It is known that water is necessary for all human life, but it is often overlooked that water is necessary for all human activity. When the first societies arose, they were called “river valley civilizations” and thrived only off of their ability to collect and control water resources. Constant availability of these water resources led to agriculture, and agricultural surplus led to the need for rules, class systems, government and, ultimately, life as we know it today. But if water is removed, it in turn impacts all other facets of society.

When society degrades, conflict becomes inevitable. Ismail Serageldin warned in 1995, “The wars of the twenty-first century will be fought over water”. The current situations in Syria and Yemen may prove to be just the beginning of wars over water resources if a future without climate change mitigation persists. The Middle East is often known for two things, its deserts and its conflicts. Yet, the connection between these conflicts, and the aridity of the regions in which they take place, often go unreported or overlooked. The root of many middle-eastern conflicts is water. Syria is one of the first clear examples of a large-scale armed conflict where resource scarcity, linked to climate change and natural resource mismanagement, played a key role. And while water scarcity is the root of many conflicts, it can also be used as a political tool far more deadly than any weapon. “Water Terrorism” is the term often used to describe territorial disputes over headwaters where humans reliance on water for survival is exploited.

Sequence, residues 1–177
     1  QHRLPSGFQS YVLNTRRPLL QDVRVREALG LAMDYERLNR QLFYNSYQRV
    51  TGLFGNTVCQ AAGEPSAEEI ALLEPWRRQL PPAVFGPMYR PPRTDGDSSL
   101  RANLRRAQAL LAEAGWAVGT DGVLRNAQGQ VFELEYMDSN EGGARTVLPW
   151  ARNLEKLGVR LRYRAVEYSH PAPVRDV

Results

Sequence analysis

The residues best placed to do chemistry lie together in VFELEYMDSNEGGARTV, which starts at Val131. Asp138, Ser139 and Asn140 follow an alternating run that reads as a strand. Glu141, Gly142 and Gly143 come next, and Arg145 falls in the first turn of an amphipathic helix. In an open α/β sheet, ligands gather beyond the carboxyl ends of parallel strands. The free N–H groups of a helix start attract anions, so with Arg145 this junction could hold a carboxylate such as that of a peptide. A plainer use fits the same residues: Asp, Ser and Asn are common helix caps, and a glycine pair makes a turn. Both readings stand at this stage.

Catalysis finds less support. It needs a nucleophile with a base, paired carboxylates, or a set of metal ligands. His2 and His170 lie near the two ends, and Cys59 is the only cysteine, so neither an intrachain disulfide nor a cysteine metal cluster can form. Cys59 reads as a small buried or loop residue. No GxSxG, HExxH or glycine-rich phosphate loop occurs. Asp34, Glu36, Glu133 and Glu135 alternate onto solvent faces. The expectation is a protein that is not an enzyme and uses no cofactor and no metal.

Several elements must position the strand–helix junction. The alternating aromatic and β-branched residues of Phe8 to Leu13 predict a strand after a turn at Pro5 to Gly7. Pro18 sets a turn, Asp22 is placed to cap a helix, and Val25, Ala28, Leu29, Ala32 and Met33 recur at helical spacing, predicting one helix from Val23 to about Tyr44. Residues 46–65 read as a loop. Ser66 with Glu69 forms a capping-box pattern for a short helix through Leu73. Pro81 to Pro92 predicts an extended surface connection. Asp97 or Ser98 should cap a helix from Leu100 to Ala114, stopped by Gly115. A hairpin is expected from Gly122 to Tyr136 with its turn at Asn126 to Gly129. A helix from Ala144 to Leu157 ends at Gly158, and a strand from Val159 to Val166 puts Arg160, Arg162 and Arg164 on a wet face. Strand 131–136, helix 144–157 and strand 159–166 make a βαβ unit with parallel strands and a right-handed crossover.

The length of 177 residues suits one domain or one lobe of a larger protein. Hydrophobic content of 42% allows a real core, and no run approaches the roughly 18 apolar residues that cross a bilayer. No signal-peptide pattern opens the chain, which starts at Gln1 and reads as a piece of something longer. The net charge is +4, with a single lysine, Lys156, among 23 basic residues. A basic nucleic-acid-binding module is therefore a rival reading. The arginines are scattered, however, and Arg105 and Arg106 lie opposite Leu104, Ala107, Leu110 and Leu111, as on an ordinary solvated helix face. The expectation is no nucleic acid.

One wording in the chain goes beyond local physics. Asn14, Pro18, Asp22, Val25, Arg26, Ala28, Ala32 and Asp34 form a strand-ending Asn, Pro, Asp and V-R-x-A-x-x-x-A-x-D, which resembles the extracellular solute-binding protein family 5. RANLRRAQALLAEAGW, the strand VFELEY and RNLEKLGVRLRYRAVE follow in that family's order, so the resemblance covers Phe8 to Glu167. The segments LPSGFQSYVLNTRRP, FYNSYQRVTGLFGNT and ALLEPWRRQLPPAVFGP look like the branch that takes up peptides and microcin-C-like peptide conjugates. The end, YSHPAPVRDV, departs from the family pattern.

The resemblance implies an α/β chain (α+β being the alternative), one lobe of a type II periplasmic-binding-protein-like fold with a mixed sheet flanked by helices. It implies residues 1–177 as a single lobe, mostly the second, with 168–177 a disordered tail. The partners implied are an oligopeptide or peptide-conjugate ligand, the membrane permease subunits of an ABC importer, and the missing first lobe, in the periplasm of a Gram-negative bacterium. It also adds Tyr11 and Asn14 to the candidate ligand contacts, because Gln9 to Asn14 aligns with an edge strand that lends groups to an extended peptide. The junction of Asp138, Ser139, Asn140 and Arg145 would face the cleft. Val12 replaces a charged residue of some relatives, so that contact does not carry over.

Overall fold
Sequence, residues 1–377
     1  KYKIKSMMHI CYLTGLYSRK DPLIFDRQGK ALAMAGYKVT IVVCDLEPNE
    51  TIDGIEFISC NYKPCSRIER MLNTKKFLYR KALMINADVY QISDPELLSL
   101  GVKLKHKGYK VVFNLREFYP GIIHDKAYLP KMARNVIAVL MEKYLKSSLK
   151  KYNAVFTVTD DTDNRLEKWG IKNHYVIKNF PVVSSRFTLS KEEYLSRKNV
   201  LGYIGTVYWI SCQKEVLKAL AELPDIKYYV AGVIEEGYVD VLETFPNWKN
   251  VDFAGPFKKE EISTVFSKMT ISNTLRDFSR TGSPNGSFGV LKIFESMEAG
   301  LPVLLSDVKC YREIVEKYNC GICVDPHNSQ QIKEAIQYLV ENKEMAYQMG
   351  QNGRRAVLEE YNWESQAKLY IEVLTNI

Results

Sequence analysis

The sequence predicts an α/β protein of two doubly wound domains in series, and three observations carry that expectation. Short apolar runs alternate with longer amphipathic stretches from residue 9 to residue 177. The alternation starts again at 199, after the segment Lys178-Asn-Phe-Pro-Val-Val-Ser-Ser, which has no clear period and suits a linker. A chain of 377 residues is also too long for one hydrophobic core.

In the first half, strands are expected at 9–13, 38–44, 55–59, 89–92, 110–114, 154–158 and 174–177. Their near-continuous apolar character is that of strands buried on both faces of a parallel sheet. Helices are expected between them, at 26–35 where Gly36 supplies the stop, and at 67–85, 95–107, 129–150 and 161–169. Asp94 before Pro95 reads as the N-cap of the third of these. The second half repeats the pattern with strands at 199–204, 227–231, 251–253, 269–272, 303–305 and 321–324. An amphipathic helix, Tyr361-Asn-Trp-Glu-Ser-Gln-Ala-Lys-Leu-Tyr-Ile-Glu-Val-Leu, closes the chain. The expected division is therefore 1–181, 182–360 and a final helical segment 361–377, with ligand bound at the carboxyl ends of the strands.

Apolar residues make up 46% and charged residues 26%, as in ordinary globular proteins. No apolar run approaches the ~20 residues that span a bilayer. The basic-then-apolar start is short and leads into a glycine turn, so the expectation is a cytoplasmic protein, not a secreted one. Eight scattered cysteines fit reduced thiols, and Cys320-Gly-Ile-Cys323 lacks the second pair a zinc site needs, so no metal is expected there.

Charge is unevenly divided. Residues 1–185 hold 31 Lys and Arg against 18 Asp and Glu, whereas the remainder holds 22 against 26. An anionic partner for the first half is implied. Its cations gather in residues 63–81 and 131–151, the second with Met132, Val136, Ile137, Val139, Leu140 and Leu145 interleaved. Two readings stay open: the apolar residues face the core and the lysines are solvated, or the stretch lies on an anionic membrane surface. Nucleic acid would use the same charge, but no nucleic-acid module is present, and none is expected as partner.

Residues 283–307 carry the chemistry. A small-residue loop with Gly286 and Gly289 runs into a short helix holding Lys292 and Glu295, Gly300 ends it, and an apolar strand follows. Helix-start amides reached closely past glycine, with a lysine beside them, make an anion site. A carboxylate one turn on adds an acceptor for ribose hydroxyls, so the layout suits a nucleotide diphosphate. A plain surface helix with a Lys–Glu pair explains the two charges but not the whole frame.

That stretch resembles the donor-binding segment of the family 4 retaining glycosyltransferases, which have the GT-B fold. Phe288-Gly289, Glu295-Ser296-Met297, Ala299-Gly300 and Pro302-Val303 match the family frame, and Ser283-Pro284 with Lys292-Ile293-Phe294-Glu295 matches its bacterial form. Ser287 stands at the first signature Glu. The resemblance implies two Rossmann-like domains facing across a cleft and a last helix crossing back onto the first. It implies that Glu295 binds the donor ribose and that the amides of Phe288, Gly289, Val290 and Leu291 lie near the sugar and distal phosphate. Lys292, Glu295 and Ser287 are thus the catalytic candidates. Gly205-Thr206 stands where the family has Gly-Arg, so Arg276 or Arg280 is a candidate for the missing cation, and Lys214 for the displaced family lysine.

As water supplies continue to be placed under extreme stress due to climate change and population growth, more conflicts will arise. Where rainfall declines, the risk of a low-level conflict escalating to a full-scale civil war approximately doubles the following year. Over the course of history, people have fought and died in wars over trivial pursuits. Rather than life or death for the individual soldier, as wars have always been, wars over water will be about life and death for entire nations.


Close to Home

It may be hard to fully grasp how water scarcity will affect the average U.S. citizen. Currently, the United States is experiencing more extreme flooding, wildfires and drought than most have seen in their lifetimes. At the surface, water scarcity in the United States has already contributed to the loss of tens of thousands of jobs, millions of acres of damaged land and billions of dollars in property and agricultural loss. For the future of the individual, this may mean dramatic inflation nationwide: increased food prices, food shortages and increased fuel and energy prices.

Drought does not distinguish between rich and poor countries. “The effects of climate change are varied and opportunistic, but one thing is consistent: They are like sparks in the tinder”. Because the United States has a variety of biomes nationwide, the impacts of global warming has on water scarcity will be felt in virtually all corners of the map. It is important to remember that water scarcity is just one result of a slew of interlinked climate change impacts.

While many governments may offer solutions to drought or water infrastructure, this is only addressing a fraction of the problem. As exemplified across the globe, climate change exposes and exploits existing vulnerabilities. Proactive measures must be taken to address these vulnerabilities and those unforeseen, as the water cycle and global weather patterns change with the rising global temperature. The United States may have more resources to cope with water scarcity in the present, but these resources, like our water supply, could eventually run out. Without swift and serious action, a future of water scarcity may be the new reality.

Image via PublicDomainPictures.net.